There’s a lot that can go wrong when you’re a long-distance runner. Between injuries, nutrition, hydration, and training plans, there’s quite a bit of information to keep track of to ensure you’re running at your best. We’ve compiled the seven deadly sins of running so you know what you should NOT be doing. Avoid these downfalls at all costs and we promise you’ll see yourself hitting a new personal record soon!
7 Things Runners Should Avoid
- Ignoring pain
- Following too rigid of a training plan
- Skipping rest days
- Wearing the wrong running gear
- Increasing mileage too quickly
- Neglecting your core
Deadly Sin #1: Ignoring Pain
Some pain is inevitable during your training—after all, you can’t get stronger and faster if you don’t endure a little bit of discomfort. However, pain that persists consistently during your training or is prolonged after a workout is a red flag. When in doubt, give your body time to rest but be sure to see your doctor if soreness continues, or it could lead to an injury that will hold you back.
Deadly Sin #2: Trying to Follow Too Rigid of a Training Plan
When training for long distances, it’s important to add a few “buffer weeks” in case any injuries or illnesses pop up. You don’t want to be underprepared on race day because you caught the flu or sprained an ankle and didn’t give yourself the extra time needed to work up to the maximum necessary mileage.
Deadly Sin #3: Skipping Rest Days
When you run, you’re breaking your body down. Similarly to what you read in the previous step, giving yourself time to recover is essential. This will let your body repair the tissue you damage during your workouts. As tempting as it can be to skip your rest day and log a few extra miles, opt for some light stretching, foam rolling, or restorative yoga instead so you can come back to your next workout stronger than before.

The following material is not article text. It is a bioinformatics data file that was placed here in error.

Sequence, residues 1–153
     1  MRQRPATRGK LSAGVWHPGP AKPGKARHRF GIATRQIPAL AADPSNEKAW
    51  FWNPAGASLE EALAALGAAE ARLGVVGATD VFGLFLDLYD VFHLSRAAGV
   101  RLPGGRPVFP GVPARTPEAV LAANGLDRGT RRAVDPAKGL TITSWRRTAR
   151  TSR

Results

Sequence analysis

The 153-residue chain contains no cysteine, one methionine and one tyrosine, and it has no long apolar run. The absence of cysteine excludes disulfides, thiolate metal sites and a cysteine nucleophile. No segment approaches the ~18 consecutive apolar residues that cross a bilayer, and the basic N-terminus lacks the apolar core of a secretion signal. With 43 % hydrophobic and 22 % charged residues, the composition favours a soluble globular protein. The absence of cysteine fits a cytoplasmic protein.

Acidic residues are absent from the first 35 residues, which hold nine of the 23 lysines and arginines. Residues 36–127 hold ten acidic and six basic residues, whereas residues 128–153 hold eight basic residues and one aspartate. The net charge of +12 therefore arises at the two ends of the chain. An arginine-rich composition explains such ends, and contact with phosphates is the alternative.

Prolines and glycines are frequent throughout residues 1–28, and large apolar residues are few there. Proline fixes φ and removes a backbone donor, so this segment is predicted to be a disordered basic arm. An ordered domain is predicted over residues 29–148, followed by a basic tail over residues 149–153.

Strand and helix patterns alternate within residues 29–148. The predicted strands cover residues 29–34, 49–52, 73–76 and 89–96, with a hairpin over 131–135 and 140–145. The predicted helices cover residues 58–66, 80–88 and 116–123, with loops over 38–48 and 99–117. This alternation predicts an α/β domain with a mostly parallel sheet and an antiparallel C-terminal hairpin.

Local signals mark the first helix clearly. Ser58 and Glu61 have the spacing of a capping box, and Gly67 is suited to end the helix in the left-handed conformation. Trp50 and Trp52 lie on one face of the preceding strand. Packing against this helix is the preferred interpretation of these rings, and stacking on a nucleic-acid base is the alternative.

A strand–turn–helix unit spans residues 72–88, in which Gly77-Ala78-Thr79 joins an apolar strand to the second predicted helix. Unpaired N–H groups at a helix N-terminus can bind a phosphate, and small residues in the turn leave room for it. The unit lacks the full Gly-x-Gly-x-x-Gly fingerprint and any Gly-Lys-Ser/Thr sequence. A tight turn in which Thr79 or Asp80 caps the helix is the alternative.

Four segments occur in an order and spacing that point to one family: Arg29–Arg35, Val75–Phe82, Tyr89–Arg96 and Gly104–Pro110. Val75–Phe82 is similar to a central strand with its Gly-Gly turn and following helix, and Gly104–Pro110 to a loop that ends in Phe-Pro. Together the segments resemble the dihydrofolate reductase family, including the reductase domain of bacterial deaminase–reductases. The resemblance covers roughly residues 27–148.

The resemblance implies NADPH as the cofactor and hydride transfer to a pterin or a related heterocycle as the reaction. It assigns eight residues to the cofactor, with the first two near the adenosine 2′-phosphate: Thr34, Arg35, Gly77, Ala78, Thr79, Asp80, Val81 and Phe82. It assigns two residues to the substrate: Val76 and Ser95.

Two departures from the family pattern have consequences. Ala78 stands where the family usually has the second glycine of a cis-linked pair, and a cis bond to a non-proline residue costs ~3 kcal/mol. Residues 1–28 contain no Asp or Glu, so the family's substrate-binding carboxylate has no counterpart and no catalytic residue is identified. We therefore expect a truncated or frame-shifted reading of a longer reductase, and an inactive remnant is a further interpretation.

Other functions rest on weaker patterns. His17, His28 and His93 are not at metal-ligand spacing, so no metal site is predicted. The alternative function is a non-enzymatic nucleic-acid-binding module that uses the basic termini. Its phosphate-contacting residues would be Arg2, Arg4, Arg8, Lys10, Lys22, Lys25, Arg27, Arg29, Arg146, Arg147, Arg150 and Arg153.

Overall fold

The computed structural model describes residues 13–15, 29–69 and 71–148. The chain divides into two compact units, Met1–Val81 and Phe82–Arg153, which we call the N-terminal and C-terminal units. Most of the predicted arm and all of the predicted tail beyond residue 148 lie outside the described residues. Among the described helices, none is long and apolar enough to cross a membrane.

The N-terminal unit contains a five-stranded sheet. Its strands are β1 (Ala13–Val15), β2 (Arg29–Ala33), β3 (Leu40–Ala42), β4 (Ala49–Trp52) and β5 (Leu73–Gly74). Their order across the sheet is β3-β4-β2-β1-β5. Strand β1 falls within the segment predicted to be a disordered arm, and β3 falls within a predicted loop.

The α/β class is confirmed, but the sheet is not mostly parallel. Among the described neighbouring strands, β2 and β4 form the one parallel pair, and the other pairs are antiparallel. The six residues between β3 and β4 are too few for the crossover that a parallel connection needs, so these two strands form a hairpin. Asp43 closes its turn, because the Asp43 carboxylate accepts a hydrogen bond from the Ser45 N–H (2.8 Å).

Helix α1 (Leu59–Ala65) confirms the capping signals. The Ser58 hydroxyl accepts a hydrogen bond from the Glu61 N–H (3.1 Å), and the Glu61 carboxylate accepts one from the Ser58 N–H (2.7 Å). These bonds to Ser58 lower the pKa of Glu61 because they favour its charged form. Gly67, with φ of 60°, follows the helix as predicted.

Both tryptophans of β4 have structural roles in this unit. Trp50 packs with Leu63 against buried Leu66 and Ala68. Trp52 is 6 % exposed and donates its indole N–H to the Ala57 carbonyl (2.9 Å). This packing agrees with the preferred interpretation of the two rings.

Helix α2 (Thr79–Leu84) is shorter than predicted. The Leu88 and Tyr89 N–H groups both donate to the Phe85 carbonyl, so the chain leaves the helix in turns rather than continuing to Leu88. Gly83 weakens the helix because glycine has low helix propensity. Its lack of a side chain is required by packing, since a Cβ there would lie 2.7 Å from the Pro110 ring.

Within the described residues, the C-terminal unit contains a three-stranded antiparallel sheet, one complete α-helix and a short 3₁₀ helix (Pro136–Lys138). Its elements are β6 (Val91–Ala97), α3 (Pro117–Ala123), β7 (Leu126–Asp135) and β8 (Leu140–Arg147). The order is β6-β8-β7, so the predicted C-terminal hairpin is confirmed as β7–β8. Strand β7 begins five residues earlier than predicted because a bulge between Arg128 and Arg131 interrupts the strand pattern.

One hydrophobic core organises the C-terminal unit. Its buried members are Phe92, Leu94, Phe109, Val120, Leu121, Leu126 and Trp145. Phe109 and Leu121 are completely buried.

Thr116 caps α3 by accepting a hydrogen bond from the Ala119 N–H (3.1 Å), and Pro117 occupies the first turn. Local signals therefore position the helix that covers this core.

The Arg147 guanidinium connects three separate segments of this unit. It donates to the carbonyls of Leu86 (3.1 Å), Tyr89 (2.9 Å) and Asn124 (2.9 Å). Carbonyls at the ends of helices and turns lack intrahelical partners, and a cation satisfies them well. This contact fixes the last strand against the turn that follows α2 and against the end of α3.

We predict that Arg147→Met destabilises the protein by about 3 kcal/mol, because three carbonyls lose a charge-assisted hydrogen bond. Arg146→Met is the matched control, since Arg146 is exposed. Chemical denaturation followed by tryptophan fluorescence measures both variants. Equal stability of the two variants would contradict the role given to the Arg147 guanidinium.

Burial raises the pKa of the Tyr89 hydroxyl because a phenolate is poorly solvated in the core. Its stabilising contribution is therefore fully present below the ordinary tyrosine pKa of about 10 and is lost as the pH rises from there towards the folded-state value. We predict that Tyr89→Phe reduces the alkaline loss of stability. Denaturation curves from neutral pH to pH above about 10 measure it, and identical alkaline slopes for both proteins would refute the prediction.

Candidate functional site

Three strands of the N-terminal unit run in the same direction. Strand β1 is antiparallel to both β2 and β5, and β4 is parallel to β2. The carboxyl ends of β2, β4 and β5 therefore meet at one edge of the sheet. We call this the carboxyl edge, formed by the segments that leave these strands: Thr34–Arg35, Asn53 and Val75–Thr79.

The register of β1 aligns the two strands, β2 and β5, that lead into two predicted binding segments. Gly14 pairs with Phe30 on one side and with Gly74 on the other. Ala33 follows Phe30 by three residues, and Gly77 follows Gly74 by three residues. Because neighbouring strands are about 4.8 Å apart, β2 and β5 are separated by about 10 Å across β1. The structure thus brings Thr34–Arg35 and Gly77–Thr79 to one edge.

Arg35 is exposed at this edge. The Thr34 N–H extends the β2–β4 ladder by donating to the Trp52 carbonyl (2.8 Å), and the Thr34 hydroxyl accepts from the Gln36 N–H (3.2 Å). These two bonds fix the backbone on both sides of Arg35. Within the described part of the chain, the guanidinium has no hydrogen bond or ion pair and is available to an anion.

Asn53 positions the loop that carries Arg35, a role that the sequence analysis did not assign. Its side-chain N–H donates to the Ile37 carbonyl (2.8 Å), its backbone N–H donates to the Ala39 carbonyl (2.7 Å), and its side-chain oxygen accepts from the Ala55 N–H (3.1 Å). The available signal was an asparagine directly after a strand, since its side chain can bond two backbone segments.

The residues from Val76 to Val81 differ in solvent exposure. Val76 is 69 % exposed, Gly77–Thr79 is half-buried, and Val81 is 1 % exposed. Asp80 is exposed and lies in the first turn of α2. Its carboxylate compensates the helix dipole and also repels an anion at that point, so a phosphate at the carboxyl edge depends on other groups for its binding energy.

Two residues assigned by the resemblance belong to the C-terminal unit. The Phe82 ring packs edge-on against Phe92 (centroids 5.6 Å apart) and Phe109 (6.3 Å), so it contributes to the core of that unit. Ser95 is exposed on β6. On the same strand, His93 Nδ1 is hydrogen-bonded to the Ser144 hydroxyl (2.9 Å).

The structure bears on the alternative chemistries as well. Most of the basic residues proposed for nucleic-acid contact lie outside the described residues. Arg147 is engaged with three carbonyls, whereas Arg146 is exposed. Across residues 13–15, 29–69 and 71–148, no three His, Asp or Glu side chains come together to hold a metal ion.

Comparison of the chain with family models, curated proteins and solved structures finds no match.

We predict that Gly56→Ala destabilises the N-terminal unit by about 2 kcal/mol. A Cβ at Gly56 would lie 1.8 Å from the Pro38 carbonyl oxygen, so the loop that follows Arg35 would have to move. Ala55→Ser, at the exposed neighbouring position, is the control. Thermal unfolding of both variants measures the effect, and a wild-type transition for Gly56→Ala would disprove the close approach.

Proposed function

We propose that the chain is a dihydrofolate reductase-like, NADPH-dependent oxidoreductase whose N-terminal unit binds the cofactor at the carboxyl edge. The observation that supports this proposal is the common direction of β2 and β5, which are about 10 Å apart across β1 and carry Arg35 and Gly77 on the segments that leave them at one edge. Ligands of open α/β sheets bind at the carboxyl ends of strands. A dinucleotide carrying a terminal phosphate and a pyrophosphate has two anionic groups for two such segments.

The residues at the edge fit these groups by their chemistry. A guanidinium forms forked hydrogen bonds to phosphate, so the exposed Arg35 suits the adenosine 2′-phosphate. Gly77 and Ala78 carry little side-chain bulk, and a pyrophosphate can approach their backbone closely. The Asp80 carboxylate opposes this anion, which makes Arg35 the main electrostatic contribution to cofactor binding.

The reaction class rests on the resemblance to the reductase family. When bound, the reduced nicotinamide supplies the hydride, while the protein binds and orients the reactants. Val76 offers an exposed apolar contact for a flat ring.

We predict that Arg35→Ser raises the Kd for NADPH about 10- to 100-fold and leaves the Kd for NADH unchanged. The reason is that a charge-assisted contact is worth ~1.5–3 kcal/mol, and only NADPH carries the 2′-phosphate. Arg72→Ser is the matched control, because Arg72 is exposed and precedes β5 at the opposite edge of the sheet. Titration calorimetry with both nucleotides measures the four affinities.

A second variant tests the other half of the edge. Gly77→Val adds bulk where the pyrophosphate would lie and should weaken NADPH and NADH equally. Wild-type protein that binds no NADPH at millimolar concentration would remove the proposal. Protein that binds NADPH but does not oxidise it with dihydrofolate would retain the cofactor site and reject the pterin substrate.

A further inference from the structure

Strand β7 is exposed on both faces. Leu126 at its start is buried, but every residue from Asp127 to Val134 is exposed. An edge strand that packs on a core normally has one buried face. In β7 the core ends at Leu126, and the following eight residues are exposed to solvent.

Deadly Sin #4: Underhydrating
Far too many runners are dehydrated during their workouts. This is especially dangerous if you are running in a hot environment, as heatstroke is a possibility. The American College of Sports Medicine recommends that runners drink 16–24 ounces of fluid for every pound lost after a run. To calculate your exact sweat loss for each run and how much water you should drink before and after your workouts, use a reliable sweat rate calculator.
Deadly Sin #5: Wearing Inappropriate Running Gear
If you’ve ever been bothered by an irritating shirt tag or a bouncing running belt during a run, you’ve already gotten a glimpse of the importance of wearing proper running gear. Beyond the obvious influential factors of a run that will dictate which outfit you put together—such as the temperature and weather conditions—it’s crucial that you are comfortable throughout your run. This will minimize distraction.
Another note on gear: one of the biggest mistakes you could make as a runner is choosing the wrong running shoe for your foot and gait. Make sure you visit a reputable running shop and ask an employee to help fit you with the right sneaker for you and your training style. You don’t want to cost yourself mileage, speed, or cause unnecessary discomfort.
Deadly Sin #6: Increasing Mileage Too Quickly
Many running experts have debunked the theory that your long run should be regularly increased by 10 percent. Instead, we recommend that you increase your long run mileage every other week to allow your body time, once again, to recover—we cannot stress this enough.
Deadly Sin #7: Neglecting Your Core
As a runner, having a six-pack isn’t just for bragging rights (although, we will admit that it’s a nice bonus). A strong core is essential to preventing injury and increasing stamina. Core strength training stabilizes the muscles throughout your body and deflects energy, allowing you to run faster and further. Try ending each run with a quick ten minute set of planks, crunches, and other core exercises.
Use the information in this guide and you’ll find yourself smashing your goals and becoming a better runner in no time!